Patriots fans, let’s talk about this week.
With one week before Super Bowl LI, you’re going to hear from many people who do not share your zeal for the New England Patriots. They revel in every loss. Every misstep, real or fictional (mostly fictional) is a cause for celebration. Across social media, any time another ill informed or just plain mean spirited buffoon says something bad about the Patriots, New England fans go nuts. I appreciate the fervor. The more people trying to correct the mountains of misinformation out there is a good thing.
The big question is, why do you care? Does somebody else’s dislike for your favorite team really affect your enjoyment? Would you be able to celebrate the Patriots more, if only ESPN would stop perpetuating the lies the helped spawn Deflategate?
If you don’t care, fantastic. Come sit next to me and enjoy the week of hype leading up to the Super Bowl. Enjoy the game. Enjoy Lady Gaga’s halftime show. We can discuss how the Patriots can slow down the Falcons crazy-good offense.
If you do care what other people think about your team, get over it.
I enjoy listening to the music of Pearl Jam and the Tragically Hip. My enjoyment of those bands is not predicated on your enjoyment of them. If you told me you think Eddie Vedder’s voice sounds like a cat gargling glass, I would politely disagree with you before adjusting my headphones to listen to more Pearl Jam.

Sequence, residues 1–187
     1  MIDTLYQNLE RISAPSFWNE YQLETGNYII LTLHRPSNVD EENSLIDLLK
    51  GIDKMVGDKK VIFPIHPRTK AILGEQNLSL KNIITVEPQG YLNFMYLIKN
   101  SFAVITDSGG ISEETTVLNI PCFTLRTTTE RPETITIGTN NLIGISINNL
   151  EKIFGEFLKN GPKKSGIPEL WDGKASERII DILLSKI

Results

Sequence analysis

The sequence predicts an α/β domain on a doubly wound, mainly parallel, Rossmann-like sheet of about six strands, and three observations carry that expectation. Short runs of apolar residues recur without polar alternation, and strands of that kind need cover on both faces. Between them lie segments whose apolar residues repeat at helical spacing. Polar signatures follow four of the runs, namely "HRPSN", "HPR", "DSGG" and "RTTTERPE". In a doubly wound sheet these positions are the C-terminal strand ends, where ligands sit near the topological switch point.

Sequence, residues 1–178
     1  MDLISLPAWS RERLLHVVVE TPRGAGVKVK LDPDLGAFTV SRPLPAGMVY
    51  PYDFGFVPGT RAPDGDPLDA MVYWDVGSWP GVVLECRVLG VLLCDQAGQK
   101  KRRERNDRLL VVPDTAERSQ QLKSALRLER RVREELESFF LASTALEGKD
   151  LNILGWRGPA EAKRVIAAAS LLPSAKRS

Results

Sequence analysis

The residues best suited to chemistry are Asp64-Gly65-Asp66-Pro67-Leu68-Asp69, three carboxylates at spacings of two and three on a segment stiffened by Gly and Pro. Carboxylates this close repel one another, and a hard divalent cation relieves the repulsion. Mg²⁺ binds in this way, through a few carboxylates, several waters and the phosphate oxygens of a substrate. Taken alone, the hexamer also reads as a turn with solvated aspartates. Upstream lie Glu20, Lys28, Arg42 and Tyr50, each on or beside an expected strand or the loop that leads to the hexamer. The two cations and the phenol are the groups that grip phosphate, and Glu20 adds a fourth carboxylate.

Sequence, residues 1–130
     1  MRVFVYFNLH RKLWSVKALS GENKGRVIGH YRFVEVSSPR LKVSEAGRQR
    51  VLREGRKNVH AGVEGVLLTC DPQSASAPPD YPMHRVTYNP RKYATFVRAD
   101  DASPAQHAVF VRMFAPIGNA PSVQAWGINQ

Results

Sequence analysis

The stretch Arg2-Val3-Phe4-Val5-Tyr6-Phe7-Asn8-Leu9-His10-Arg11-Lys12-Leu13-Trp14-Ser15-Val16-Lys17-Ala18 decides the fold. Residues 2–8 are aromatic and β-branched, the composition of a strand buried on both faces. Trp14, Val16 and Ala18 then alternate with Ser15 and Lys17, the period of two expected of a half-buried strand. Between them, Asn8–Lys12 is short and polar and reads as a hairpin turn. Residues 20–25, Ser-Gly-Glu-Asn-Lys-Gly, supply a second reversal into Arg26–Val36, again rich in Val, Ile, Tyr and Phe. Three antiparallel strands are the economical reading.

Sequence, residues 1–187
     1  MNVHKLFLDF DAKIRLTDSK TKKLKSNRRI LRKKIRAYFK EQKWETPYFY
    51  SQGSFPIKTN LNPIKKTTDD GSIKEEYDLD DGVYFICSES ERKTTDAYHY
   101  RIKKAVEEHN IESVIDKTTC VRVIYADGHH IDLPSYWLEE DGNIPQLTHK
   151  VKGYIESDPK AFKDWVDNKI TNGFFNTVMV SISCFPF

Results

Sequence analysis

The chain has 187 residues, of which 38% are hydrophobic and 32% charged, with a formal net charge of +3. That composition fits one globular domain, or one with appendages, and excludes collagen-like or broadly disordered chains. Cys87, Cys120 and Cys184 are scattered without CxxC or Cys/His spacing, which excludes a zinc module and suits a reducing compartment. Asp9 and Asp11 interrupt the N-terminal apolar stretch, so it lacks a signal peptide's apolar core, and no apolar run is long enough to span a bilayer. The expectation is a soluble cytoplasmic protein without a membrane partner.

Admittedly, I gain visceral joy every time the New York Yankees or Duke men’s basketball lose. Not for one second would I expect a fan of either team to give a care what I think.
When a talking head drones on about Spygate or Deflategate or the Steelers headsets picking up Scott Zolak’s greatest hits or whatever contrived scandal is the soup of the day, I tune it out. It’s OK to be hated because of success. Everyone and everything that has enjoyed a prolonged run of success has been vilified. That’s just the way it is, and always will be.
The alternative is apathy, and Patriots fans 35 years old and older know too well what that is like.
Schaefer/Sullivan/Foxboro Stadium was little more than a pile of concrete and spilled beer, and it was a good day when the toilets flushed properly. It was a stadium in name only, and the team it housed wasn’t much better.
I started paying attention to the Patriots in 1981. The first game I attended was opening day that season. They lost at home to the Baltimore Colts, 29-28, beginning a slide to a 2-14 season. Two decades later, that game still stood as a harbinger of bad luck, bad decisions, and bad people that made up the bulk of the next two decades. A few brief bright spots in the 1980s and ’90s are drowned out by so much dark.
When one factors in the lack of on-field accomplishment and barbaric behavior off the field, the 1990 Patriots who went 1-15 may be the worst team in American professional sports history. The 1990 Patriots were last in the NFL in offense and next to last in defense. They ran for just four touchdowns the entire season. That’s a game and a half of LeGarrette Blount’s scoring spread over 16 painful to watch weeks. Off the field, they harassed Boston Herald reporter Lisa Olson and were led by repugnant owner Victor Kiam, who became a Saturday Night Live punch line.
The current run of success, while long, is not going to last forever. Don’t concern yourself with the opinions of fans in other cities. They’re built on jealousy and spite. Rather, enjoy every second of this. It will be over before you know it.
Travis Lazarczyk — 861-9242
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